With the new season of Lost beginning on Wednesday, I thought I’d share some thoughts on Lost, what makes a TV show good, and how different tactics by producers and writers can lead to different, but equally worthwhile results.
The Lost Experience recently ended, and I vowed to watch all of the first two seasons of Lost on DVD before the new season starts. Having failed at that (only got through about 10 episodes) I returned to my normal DVD routine, watching Star Trek: The Next Generation. I own all seven seasons of ST:TNG on DVD and am about halfway through season five. After I switched to watching Lost and then back, I realized how remarkably different the two shows are, and yet how good they both are, despite their differences. Let me preface this by saying that I think ST:TNG is the greatest show in the history of television, and too bad if you don’t agree. It is iconic, deep, resonant, emotional, insightful, and has more of a legacy than even the original had.
The format of the two shows is very different. ST:TNG tells a unique story with each episodes, and while there are overlying themes and stories, it is easy to simply tune in and watch an episode, because for the most part, they stand alone and are not parts of a whole. Lost, on the other hand, has a continuous story, which means that it is difficult to understand what is going on if you miss an episode. Paradoxically, considering the number of episodes, not as much has happened on Lost as happened in the first two seasons of ST:TNG. Sure, lots of things have been discovered on Lost’s island (am I the only one that think the island needs a name?), but only a few major events have happened.
The explanation for this delves even deeper into the methods of storytelling employed by the two shows. Lost uses characters to show you the story, ST:TNG uses story to show you the characters. On Lost, the majority of the episodes are spent learning more about particular characters, either by flashbacks of their past which are used to explain their present, or by situations or relationships they encounter in the present that show and test who they truly are. Much of the information about characters is revealed either through exposition, or through choices and decisions the characters must make, directly involving us in each character.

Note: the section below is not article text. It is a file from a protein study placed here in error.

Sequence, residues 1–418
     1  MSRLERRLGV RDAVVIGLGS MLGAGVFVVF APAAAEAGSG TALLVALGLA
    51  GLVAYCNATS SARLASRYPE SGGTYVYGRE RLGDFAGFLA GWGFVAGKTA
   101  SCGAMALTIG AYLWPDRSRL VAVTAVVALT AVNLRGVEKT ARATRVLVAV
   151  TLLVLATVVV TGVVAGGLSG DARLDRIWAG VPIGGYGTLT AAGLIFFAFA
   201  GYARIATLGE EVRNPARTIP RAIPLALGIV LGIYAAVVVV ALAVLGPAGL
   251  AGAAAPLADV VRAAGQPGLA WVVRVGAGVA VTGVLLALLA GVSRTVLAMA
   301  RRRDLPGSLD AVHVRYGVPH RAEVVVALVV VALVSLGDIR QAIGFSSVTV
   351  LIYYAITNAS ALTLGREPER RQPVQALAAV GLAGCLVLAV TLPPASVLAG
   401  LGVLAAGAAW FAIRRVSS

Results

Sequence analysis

ST:TNG is the exact opposite. Sure, there were episodes that focused around individual characters, but where we learned from the most was the way each character acted with respect to the story being told in each particular episode. By making the stories the focus of the show, it allowed the actors to develop their characters more naturally. You learned about each one the way you would learn about anyone in real life, by the way they react in certain situations, with small glimpses into their personal lives: as friends, rather than as observers.
In Lost, we are shown a character, given information from a God-like perspective, where we can see all that is going on, and shown the type of development or traits that the writers want us to see. This allows a deep look into a particular character, almost like dissecting a frog in science class. It makes you try to fully understand each character, and why they act the way they do. In ST:TNG, you also have the pleasure of learning how the frog works, not by cutting it open, but by observing and interacting with it, and appreciating it for its whole, rather than the sum of what you are shown.
Many people look at Star Trek (all versions) characters as easiest terms, the most simple definitions (see The Breakfast Club): the android who wants to be human, the blind engineer, the empathic counselor, the doctor and her son, the Klingon. Lost has similar stereotypes, as pointed out by Sawyer in season one, and the majority of the character development is spent trying to get you to look past all that to see the people inside, and try to get to you to relate. Star Trek shows you the characters, and lets you learn from them. Instead of relating (because it is impossible to completely relate to one character, since we are combinations of all), we get to experience and consider how we would react in a situation, and we learn something about ourselves. Data is the best example, and this is why he is the greatest television character in history. His endless quest to be human, and to understand humans, led us not to a deeper understanding of Data, but a deeper understanding of ourselves. We didn’t relate to him as he tried to understand why we act a certain way, but his quest for understanding showed us why we do. And that, my friends, is what made Data more human than any of us.
P.S. I think many great lessons about ourselves can be learned from Lost too, and many great discussions about life and characters and all the good juicy stuff can come from Lost. I just think that the interesting bits of Lost come from analyzing the characters, while the interesting bits from Star Trek come from analyzing ourselves.